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My external USB drive failed. I made a .dmg image file of the drive using disk utility. Later I was not able to mount the .dmg image. I used terminal

hdiutil attach -noverify -nomount name.dmg
diskutil list
diskutil mountDisk /dev/disk4

then received the following message:

Volume(s) mounted successfully

However, I cant see the drive or access its contents through Finder. Disk Utility shows the drive as ghost but I still cant mount it using diskutility. Terminal tells me that the drive is mounted and constantly shows it in the diskutil list.

pwd is not the mounted .dmg image. I don't know how to enter into the mounted image drive to see its contents. So in case what I said sounds like I see the files in the mounted image no this is not the case. I do not know how to access or even change the pwd within Terminal. I was hoping to see the mounted drive through Finder but I do not see that.

So I need help as to how to find a way to access the mounted image drive if it was really mounted.

Terminal says that it was and it shows it under diskutil list as a /dev/disk4.

Can someone please help me access the files on this drive?

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What can you see in Terminal if you do a simple ls -la? –  user3463 Sep 16 '12 at 17:42
    
If it's showing as mounted, it'll be under /Volumes. –  user3463 Sep 16 '12 at 18:39
    
what is the command line to change pwd to /Volumes? how do I look it up? Can I browse through it and see files and copy them (if I see them) into another directory within Terminal? Thank you. –  A. O. Sep 16 '12 at 19:32
    
Use cd to change the directory. Use ls to list the content of a directory. Use cp to copy files. –  Ansgar Wiechers Sep 16 '12 at 19:36

4 Answers 4

Thanks to @slhck, I was able to see that actually my disk image was not mounted. His assistance helped me confirm that.

Initially I carried out these commands to overcome a no mountable files error:

hdiutil attach -noverify -nomount name.dmg
diskutil list
diskutil mountDisk /dev/disk4

then received the following message:

Volume(s) mounted successfully

This apparently did not work. So there were no files for me to browse through. Here is what I did to solve my main and 1st problem.

I see that in other posts in this site some suggested that we should convert name.dmg to writable file to overcome a no mountable files error in a name.dmg file.

I used the command from Terminal to convert but was not successful. Instead, I used Disk Utility, attached the Volume (yes I got the same message again, "no mountable system files") however, Disk Utility nevertheless attached the image, which I was able to do before anyways.

This time, I selected it and then clicked New image, and then selected Image Format » Read/Write, not the compressed option.

I created a new image. This time this image was writable however, it still would not mount using -noverify -nomount. However, this time I was able to scan it with Disk Drill with exact file locations and folder hierarchy as I had. Recovering all from thereon was a breeze.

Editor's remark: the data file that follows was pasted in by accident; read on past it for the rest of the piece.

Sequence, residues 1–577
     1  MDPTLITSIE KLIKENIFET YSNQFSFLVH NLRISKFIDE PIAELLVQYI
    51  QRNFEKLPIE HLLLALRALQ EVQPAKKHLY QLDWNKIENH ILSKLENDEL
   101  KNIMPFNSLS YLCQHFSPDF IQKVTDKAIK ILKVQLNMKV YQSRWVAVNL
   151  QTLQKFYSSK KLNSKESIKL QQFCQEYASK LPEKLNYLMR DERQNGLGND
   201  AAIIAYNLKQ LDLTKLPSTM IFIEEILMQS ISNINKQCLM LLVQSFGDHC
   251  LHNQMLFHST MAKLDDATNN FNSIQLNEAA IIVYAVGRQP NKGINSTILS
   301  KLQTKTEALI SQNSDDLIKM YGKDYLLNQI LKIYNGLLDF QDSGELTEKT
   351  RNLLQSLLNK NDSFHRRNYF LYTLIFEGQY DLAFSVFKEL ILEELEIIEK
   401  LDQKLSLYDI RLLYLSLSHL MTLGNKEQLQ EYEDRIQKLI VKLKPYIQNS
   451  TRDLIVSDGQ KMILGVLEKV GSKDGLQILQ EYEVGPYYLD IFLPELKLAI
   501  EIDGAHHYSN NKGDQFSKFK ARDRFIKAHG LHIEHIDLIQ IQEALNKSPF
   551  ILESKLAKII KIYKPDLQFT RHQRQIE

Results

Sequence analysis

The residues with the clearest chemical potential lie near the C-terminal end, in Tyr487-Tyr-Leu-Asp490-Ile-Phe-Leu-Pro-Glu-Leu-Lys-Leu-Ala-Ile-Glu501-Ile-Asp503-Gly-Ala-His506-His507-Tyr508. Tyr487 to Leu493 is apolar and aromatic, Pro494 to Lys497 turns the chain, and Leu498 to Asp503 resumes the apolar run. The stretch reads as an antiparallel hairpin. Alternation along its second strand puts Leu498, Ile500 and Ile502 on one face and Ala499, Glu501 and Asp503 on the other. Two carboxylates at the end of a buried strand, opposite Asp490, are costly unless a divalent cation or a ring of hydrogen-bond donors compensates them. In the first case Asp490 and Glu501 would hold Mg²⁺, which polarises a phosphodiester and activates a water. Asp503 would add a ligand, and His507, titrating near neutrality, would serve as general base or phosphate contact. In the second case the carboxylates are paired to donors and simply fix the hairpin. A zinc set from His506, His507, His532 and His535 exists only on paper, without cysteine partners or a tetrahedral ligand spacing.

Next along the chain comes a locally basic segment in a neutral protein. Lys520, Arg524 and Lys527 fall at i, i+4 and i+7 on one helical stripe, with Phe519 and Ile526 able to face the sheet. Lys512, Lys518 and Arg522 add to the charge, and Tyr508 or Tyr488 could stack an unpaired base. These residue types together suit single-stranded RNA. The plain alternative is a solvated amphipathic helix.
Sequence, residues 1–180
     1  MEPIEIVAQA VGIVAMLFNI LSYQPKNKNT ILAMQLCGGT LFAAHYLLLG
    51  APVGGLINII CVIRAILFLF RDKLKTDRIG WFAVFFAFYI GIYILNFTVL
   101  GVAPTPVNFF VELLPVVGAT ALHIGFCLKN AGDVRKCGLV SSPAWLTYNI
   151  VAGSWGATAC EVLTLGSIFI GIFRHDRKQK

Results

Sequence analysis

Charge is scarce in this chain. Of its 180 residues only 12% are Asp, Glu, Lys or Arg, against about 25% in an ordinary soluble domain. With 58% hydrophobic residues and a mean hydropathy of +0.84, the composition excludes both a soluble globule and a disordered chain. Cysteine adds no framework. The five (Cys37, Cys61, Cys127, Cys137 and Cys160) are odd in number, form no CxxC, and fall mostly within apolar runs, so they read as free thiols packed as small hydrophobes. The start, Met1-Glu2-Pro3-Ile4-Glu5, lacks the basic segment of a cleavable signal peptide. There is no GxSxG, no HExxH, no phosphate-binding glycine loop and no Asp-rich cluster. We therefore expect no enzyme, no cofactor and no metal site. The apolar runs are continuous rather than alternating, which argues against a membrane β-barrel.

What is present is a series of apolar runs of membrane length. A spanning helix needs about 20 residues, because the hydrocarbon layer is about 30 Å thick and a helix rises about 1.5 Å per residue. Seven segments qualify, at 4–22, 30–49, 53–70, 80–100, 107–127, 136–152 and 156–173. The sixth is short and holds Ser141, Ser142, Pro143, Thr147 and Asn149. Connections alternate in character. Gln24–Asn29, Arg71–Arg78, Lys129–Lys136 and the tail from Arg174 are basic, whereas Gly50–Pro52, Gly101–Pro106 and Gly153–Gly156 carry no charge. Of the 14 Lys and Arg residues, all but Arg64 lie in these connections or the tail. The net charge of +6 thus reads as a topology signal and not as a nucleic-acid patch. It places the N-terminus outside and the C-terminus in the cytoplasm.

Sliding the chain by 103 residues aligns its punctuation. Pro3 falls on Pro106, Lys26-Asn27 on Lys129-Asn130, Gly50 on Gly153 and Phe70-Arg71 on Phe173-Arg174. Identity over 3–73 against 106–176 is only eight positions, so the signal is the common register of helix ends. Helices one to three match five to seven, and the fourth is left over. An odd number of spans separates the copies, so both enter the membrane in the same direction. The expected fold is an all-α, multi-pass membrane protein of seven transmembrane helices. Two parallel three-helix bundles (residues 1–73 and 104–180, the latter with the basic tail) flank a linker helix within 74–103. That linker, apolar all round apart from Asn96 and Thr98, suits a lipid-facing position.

Just remember: when you create new image of an attached volume and don't choose Compressed but Read/Write, you need to have a disk with exact amount of space that totals the total space allocated within that name.dmg file – not the amount of space the data takes.

Mine was huge, and luckily I had an external disk with enough space to do that and it took about 5 hours for about 400 GB of disk allocation. I have all my files now. Thank you all.

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Open DiskUtility and go to the Images menu and select Convert…

Choose the unmountable DMG image and convert it to a read/write image or a DVD/CD master.

After ends you can mount it.

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If the partition table or the file system is corrupt, you will not be able to mount the paritition(s). You will need data recovery software to read the contents.

If you're able to attach the image, you should see new devices show up under /dev. Since you used -nomount, they will not be automatically mounted.

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First of all, if you use the -nomount option, like the name says, your image simply will not mount automatically. A disk in /dev is nothing you can browse or show in Finder. Thus, use:

hdiutil attach -noverify name.dmg

Now, your disk image is attached as a drive to /dev and this drive is mounted under /Volumes/, which you can access either through Finder and pressing C – or by opening a Terminal and then entering the following:

cd /Volumes/name
ls -l

Otherwise, if your disk isn't called name, you can enter the path and press Tab twice.

cd /Volumes/TabTab

This will show you a list of possible names. Just enter the correct one after /Volumes/.

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Thank you. These are great suggestions and were very helpful. I figured out that although Terminal told me it was mounted, it just was not. 1st problem I had was no mountable files error. I thought I fixed that but then I did not see it as I looked within the Volumes as you suggested. I had a different solution which I posted under my edit to my question. Thank you very much again. Your answer was very helpful and made me realize first fix I did was not helping me. –  A. O. Sep 20 '12 at 17:54

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